Academics and researchers simply don’t have a study with statistically significant data documenting the effect on people of a national basic income even at the city level, he said. “That’s why these experiments in Finland and Utrecht are so useful. There’s a paucity of data,” Hughes added.
That’s about to change dramatically:
• Basic income experiments will take place during 2017 in the Netherlands, including Utrecht, Tilburg, Nijmegen, Wageningen and Groningen.
The Atlantic Magazine has some of the better coverage of the Utrecht experiment, “Know What Works,” which begins this month. KWW will give at total of 250 people in six groups money under different terms and expectations.
- One group will simply get 960 euros per month without any work obligations, according to the Atlantic.
- A second group will get the 960 euros plus an additional 150 euros at the end of the month if they provide volunteer services.
- A third group will get the 150 euro volunteer bonus at the beginning of the month … and will have to return it if they don’t volunteer.
- A fourth group of welfare recipients will simply keep their current benefits without a work requirement.
- Another is made up of welfare recipients who expressed interest in receiving the 960 euros but will continue to receive only standard benefits.
- Finally, there is a control group of welfare recipients who wanted to keep receiving their usual benefits.
• Even with EU-dictated austerity, Greece started experimenting with guaranteed basic income. In 2014, the government launched a six-month pilot program providing flat cash grants for middle- and low-income citizens. Greeks living in 13 municipalities meeting certain income criteria started getting 200 euros for a single person, plus an additional 100 per additional adult in the family and 50 euros per child. Greek politicians said the program could eventually be expanded nationwide, covering about 1.2 million of the nation’s poorest out of a total population of 10 million.
• In Germany, a private, crowd-funded experiment started in 2014 called Mein Grundeinkommen (My Basic Income). Berlin-based entrepreneur Michael Bohmeyer raised the money to pay 26 people so far about $1,100 a month to do whatever they wish. Bohmeyer’s theory, according to a Los Angeles Times post, is that emancipatory incomes will free up enormous amounts of creativity. So far, almost all the people selected have made positive changes in their lives, including quitting jobs they hated and going back to college, according to the Times.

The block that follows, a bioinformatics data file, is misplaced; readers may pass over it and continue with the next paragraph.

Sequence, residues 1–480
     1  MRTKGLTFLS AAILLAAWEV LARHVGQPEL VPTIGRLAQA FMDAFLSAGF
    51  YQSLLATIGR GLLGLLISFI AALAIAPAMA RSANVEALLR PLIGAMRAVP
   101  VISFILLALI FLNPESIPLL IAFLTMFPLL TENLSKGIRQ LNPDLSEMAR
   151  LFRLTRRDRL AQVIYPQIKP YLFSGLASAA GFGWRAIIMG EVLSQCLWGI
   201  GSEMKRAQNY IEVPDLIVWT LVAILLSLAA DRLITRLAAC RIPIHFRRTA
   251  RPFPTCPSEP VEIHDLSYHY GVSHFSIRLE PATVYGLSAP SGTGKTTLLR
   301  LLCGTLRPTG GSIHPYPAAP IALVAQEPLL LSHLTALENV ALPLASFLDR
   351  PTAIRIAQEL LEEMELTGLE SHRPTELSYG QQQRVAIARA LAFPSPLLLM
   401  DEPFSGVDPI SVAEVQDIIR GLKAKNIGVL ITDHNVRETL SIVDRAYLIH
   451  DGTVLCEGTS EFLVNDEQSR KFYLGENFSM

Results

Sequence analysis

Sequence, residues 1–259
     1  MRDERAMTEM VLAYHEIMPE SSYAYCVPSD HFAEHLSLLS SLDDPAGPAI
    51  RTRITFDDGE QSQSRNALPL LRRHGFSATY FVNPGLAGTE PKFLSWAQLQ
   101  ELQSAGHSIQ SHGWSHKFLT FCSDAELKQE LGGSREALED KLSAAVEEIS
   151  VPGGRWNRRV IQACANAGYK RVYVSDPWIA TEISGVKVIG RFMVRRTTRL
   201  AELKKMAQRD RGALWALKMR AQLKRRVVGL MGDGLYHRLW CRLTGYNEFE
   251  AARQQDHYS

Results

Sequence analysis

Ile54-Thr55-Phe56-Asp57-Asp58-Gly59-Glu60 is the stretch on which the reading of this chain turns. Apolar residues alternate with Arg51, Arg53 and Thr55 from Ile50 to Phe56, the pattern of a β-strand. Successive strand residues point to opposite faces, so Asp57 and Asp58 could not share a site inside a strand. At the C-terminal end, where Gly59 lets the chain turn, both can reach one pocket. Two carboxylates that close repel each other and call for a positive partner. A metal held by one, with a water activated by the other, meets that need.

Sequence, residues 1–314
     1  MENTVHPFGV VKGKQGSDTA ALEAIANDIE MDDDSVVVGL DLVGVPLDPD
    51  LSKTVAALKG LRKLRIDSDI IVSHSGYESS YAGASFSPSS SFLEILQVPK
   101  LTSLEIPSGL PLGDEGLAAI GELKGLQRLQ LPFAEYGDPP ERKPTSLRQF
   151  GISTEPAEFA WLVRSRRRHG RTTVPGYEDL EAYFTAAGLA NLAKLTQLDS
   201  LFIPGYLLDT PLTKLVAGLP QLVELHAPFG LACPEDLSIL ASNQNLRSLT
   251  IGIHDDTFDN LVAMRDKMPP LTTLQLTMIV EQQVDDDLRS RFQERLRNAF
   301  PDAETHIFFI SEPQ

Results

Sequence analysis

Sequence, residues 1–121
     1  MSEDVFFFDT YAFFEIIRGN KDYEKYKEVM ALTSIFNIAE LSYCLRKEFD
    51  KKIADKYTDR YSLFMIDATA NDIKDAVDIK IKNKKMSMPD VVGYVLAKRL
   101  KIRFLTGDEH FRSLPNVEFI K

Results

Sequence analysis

• In June 2016, Swiss voters shot down by a huge margin a proposal to guarantee every citizen a yearly income of 25,000 Swiss francs. Which is a lot of money!
If you spend enough time poring through the literature, you’ll be surprised to the extent left and right agree on national incomes. The Cato Institute, while Libertarian, is more aligned with the American conservative movement … though not always. In Europe, it tends to be the left that espouses basic national incomes.
One argument in favor of guaranteed minimum national incomes is the massive explosion of automation in the digital era. A 2013 study from Oxford’s Martin School estimated that 47 percent of today’s jobs are at risk of being replaced by machines within 20 years. A point Elon Musk has made repeatedly in the past few months.
Giving people a basic income could help reshape work forces, shifting workers to something more productive than manual labor … “more attuned to the future of how work will look,” Cato’s Hughes said. A guaranteed income also has “some appeal” in that such a policy might reduce government paternalism … the temptation for governments to shape behavior through welfare contributions, he said.
Such an income could theoretically move people away from what Hughes calls “poverty traps” of having to deal with – and conform to – the requirements of multiple welfare agencies and toward using that time to rationally rearrange their lives to become more productive. “To mainstream people into economic life,” as he put it.
A small Canadian experiment back in the 1970s indicates that’s a possible income. The people of the small town of Dauphin were given a stipend from 1974 to 1979, and working hours decreased … because men spent more time in school and women took longer maternity leaves.
Was the Dauphin experiment a harbinger for the future?
“There are a lot of questions without a lot of answers,” Hughes said.